It is interesting to note, however, that the benefits of Europe’s best early wine vaults were discovered by accident; monks hid wine from invading barbarians by storing the wine in the abbey cellars (Scherb 14). When discoveries like this were made, whether accidental or otherwise, the religious kept detailed notes on the methods and their effects (Schmid 2). Another accidental discovery was that of the “perfect blend” of grapes for the production of Champagne, credit for which is given to Dom Perignon, a Benedictine monk (Schmid 2). Secular producers usurped some monastic traditions, including the art of making the perfect blend for Champagne, during the French Revolution in the 18th century, and following the revolution, orders turned to perfecting their unique beers and cheeses (Scherb 14).

The brewing of beer began at the Abbey of our Beloved Lady of the Sacred Heart in Nearantwerp, Belgium, in 1860 (Scherb 44). The location of a monastery or abbey would give some indication as to the preference of its inmates. In northern climates, beer was preferred over wine (Scherb 14). In the Franken region of Germany, the shape of the bocksbeutel flagon was supposedly inspired by the shape of a certain body part of the goat, and the name of the bottle comes from the German word for male goat, bock, a more practical and generally more widely believe explanation is that monks could tuck the bottles underneath their habits more securely (Robertson 147). Furthermore, with beer often being referred to as ‘liquid bread,’ monks were allowed to consume beer during Lent, at some abbeys amounting to 5L of beer each a day (Scherb 14).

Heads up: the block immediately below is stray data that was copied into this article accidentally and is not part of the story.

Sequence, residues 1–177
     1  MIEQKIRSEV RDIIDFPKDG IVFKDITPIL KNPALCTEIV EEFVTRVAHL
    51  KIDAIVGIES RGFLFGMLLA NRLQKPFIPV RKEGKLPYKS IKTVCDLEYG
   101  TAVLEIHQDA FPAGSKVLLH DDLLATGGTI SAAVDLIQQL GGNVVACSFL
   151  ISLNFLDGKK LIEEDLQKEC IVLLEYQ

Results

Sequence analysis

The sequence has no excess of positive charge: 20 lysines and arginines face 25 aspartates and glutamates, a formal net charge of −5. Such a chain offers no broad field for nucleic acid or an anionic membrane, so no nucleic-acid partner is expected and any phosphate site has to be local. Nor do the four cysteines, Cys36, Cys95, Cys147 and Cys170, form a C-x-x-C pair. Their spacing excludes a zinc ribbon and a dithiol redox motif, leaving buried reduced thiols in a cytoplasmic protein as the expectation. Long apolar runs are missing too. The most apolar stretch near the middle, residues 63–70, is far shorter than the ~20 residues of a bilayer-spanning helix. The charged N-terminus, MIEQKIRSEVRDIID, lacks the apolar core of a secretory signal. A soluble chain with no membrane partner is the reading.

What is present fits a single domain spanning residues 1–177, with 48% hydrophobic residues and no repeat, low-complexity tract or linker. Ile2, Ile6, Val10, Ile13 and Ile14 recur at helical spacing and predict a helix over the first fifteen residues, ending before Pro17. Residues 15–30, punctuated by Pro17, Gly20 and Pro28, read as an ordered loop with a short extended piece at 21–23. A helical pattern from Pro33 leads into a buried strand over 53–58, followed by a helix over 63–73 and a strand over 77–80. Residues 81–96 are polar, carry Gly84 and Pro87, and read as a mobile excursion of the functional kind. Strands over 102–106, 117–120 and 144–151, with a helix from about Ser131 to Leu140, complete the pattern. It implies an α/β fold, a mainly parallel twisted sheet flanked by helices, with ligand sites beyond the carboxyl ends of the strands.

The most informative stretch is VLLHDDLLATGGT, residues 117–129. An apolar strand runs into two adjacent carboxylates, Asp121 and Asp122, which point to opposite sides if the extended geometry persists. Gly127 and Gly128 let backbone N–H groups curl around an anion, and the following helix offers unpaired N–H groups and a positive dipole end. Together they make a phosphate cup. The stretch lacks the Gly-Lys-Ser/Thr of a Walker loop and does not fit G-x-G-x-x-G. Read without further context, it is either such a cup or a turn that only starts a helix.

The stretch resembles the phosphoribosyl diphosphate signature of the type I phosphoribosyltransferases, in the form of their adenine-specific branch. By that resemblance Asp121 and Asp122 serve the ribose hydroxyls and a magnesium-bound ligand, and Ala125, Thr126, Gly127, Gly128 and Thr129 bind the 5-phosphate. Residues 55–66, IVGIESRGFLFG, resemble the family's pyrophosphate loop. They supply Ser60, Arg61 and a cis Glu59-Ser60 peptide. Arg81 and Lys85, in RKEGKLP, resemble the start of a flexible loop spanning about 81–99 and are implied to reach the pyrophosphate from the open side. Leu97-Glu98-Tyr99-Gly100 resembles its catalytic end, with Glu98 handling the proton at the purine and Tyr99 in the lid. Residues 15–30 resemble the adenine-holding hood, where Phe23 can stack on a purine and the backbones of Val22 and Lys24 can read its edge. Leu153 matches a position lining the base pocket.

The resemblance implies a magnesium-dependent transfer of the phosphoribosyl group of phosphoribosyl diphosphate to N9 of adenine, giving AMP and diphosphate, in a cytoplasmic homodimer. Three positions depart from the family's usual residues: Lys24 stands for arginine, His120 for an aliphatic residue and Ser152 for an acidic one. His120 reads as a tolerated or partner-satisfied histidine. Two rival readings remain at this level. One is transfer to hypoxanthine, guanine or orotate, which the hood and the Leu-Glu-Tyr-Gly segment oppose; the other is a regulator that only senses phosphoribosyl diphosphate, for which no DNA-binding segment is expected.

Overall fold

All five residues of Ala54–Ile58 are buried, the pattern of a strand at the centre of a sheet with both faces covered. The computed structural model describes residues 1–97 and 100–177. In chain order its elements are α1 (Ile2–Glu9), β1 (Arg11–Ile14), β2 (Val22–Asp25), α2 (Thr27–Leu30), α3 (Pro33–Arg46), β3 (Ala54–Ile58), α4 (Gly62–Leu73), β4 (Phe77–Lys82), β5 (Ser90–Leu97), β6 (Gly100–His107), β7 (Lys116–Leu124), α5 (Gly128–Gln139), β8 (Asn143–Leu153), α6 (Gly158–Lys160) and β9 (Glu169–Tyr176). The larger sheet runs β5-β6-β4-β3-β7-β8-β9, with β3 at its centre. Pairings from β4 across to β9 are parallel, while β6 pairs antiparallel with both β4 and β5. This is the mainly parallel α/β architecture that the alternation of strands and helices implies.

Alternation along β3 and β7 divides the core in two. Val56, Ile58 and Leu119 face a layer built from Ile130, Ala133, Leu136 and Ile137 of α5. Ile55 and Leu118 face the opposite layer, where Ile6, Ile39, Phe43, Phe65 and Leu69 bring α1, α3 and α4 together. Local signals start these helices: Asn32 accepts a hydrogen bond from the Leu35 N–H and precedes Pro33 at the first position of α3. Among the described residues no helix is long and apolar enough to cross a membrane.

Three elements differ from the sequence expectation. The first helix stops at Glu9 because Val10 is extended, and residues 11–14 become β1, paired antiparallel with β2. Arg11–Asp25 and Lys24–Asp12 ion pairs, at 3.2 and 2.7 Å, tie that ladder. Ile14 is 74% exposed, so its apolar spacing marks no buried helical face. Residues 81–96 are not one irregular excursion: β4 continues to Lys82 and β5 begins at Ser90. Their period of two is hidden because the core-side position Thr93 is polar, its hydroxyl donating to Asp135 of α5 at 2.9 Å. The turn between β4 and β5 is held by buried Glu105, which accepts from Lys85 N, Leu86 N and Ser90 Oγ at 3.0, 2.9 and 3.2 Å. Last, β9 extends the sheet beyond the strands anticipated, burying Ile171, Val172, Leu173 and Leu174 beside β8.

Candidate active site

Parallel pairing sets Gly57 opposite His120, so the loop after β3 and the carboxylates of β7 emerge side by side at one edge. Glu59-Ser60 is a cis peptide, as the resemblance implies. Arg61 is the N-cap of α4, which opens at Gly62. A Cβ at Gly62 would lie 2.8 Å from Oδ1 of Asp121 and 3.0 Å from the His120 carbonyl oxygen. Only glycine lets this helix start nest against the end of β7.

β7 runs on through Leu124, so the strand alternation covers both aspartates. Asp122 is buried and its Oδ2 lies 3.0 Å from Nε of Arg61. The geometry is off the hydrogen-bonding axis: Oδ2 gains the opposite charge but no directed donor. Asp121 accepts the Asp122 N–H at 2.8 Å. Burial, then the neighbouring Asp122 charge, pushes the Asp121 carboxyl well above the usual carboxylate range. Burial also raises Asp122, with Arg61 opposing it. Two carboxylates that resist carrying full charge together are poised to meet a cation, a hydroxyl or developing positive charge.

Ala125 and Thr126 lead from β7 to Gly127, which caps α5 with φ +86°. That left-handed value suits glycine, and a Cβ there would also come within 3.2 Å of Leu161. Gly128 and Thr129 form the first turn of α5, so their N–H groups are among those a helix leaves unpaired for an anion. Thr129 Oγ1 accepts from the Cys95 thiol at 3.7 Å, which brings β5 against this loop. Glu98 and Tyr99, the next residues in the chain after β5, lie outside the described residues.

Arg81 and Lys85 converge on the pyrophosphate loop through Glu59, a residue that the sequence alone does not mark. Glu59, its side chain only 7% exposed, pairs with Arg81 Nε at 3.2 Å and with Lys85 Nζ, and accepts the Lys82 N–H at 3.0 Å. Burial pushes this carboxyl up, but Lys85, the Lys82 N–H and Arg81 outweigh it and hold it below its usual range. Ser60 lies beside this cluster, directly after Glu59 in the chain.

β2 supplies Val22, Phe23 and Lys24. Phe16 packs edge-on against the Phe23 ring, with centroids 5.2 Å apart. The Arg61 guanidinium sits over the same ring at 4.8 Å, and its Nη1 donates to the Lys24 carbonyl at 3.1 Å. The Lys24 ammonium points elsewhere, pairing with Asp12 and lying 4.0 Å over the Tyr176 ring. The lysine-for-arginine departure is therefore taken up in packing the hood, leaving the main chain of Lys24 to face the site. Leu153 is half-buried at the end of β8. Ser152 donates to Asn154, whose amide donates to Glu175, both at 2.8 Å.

The Benedictines did a great deal to spread both wine and beer culture to the world. Boniface Wimmer was among the first to bring the Benedictine Order to the Americas (Robertson 148). He operated a brewery in Indiana, and founded another at St. Vincent’s Abbey in Latrobe, PA (Robertson 148). Americans eventually nicknamed the Benedictines the “Order of Sacred Brewers” (Robertson 148). Today, however, many beers known as “abbey ales” are not actually produced by or at monasteries (Scherb 14). To verify that a beer is truly produced entirely on the grounds of an abbey, one should look for the Authentic Trappist Product label on the bottle (Scherb 11). Even what is known today as Benedictine Liqueur is no longer made by monks, but rather is merely based on a monastic recipe (Scherb 14).